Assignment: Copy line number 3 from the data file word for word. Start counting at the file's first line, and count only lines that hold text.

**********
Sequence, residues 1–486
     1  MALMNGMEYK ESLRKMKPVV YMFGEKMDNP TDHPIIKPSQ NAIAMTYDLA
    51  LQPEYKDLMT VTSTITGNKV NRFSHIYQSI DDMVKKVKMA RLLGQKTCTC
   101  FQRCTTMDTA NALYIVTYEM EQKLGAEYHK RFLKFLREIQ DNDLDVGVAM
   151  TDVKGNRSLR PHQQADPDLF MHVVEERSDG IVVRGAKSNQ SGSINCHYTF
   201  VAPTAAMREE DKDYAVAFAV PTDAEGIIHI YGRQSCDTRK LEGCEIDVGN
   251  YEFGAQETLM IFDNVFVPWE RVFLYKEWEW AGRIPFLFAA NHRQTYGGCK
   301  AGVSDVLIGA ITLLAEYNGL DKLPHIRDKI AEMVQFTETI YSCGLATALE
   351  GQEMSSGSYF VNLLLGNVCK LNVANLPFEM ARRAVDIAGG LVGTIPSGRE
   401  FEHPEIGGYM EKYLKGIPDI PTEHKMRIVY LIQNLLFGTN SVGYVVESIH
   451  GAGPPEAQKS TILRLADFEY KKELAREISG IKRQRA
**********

    51  LQPEYKDLMT VTSTITGNKV NRFSHIYQSI DDMVKKVKMA RLLGQKTCTC